Dimas Ibarra, a Venezuelan writer for Cambio16, explains in this article that the first step to stop the socialist take over of the United States is to accept the possibility of a socialist conspiracy. His evidence? None. But Ibarra believes that the study of propaganda and counter-propaganda efforts of the Cold War may reveal similar strategies today.
He mentions Yuri Bezmenov, a journalist, soviet informant for the KGB who defected to Canada in the 70s and wrote extensively about soviet spying and propaganda. Ibarra thinks that the soviet propaganda strategy exposed by Bezmenov is being applied today by a socialist conspiracy. The phases of this conspiracy are: first, demoralization, this can take up to 20 years and mainly targets young people through education, making them critical of established “power structures, laws, religion, and way of life”; second, destabilization, which would take five years but, according to Bezmenov as quoted by Ibarra, could take less time because the “Marxits-Leninst control over the economy and defense in the United States was [already] fantastic” (No idea what he means by this); and third, crisis and normalization, which would ensue after “people in the United States are promised paradise on earth, the economy is destabilized and the principles of free market are eliminated.”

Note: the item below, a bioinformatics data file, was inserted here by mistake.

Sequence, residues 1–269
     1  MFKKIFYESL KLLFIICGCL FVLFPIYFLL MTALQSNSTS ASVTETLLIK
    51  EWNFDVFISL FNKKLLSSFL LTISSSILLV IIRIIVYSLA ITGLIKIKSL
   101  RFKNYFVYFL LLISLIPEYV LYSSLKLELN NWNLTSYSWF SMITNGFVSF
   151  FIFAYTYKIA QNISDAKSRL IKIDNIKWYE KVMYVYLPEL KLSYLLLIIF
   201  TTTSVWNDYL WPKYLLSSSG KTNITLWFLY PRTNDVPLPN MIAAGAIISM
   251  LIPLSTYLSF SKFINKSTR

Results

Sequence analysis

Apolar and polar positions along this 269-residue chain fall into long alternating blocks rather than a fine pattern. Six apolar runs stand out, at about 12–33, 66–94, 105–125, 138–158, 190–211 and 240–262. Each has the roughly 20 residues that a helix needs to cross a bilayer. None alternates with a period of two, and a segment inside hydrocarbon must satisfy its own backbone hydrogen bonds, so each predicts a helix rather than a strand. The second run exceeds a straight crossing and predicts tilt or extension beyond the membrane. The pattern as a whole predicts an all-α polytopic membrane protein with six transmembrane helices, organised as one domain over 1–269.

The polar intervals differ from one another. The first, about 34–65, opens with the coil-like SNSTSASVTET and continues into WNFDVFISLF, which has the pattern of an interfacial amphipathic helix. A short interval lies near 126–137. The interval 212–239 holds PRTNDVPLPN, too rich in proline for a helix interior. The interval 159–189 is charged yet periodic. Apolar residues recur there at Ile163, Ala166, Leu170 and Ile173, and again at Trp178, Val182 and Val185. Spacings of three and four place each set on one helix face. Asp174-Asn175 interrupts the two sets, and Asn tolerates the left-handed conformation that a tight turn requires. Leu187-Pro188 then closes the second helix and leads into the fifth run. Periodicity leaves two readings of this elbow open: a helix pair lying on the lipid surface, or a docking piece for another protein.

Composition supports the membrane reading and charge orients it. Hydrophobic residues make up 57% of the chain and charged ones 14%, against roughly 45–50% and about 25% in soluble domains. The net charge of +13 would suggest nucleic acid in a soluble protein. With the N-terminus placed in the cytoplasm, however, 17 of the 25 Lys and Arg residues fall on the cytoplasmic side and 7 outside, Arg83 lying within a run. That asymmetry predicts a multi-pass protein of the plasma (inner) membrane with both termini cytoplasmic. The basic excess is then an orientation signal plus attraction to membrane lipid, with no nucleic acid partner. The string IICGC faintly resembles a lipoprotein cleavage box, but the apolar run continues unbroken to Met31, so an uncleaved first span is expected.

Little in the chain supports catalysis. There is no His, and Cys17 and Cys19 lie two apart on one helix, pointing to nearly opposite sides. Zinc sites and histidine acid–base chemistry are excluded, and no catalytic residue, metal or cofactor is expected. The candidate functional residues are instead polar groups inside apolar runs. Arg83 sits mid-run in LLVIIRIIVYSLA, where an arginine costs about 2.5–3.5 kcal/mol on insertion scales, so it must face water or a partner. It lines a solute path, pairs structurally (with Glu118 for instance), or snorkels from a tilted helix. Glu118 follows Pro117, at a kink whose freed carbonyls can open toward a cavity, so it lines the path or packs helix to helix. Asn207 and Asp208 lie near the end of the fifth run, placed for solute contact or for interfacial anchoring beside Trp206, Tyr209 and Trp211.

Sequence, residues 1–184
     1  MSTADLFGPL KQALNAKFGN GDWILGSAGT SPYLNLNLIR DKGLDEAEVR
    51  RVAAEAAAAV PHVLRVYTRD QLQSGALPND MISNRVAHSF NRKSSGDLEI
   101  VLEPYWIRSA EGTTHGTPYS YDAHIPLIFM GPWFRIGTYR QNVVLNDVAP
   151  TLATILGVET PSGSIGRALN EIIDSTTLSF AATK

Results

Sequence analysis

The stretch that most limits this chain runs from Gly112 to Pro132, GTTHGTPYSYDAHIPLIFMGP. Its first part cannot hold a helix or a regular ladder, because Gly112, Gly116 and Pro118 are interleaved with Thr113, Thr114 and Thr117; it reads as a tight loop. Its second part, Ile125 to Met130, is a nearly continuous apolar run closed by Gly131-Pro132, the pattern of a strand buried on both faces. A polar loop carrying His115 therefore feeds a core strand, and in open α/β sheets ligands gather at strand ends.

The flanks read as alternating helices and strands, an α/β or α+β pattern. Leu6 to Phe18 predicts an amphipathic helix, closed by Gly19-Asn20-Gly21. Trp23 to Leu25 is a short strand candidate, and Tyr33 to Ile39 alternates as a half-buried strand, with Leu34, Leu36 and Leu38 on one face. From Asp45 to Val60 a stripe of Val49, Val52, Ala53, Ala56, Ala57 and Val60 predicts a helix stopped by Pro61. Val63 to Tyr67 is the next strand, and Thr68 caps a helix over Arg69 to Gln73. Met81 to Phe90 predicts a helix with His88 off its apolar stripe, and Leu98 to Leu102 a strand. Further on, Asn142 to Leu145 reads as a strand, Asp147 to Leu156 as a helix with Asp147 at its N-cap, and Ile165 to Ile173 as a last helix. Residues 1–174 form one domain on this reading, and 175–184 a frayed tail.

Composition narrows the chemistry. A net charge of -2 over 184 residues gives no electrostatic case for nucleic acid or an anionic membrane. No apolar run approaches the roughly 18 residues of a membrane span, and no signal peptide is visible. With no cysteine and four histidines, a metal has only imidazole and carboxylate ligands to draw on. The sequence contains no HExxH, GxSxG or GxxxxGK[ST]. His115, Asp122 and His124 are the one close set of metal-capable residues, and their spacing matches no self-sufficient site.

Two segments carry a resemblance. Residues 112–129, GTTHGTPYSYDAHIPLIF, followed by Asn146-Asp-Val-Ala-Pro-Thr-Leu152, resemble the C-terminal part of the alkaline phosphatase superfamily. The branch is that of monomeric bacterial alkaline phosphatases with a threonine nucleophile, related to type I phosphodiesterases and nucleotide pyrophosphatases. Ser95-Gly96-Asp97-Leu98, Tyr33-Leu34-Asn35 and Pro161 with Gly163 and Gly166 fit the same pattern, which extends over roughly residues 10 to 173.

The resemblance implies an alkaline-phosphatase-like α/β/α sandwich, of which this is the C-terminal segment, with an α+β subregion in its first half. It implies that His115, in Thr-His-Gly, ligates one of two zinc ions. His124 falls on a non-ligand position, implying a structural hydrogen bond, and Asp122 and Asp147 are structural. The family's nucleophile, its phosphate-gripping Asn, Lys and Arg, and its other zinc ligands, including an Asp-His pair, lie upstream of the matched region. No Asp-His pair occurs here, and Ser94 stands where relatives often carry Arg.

“Believe or not in Bezmenon,” says Ibarra, you have to accept that his claims coincide with the “cultural subversion” the United States “suffered” during the sixties: “hippies, the Vietnam War, and open field musical festivals lasting for several days.” More possible evidence that the socialist plot is under way include: the fact that Bernie Sanders almost became Democratic candidate and the presence of Kamala Harris in Biden's ticket; and the fact that it's no coincidence that universities have been “most resistant” to Trump, as higher education is one of the targets of the demoralization strategy described by Bezmenov.
Fortunately, Ibarra has sound advice for countering the socialist conspiracy: “we need to unite sectors of society not yet permeated by idiologization. The latest elections in the United States and the Republican resistance give us a hint of the resources we can count on. (…) The defense of the United States culture and tradition are a priority...”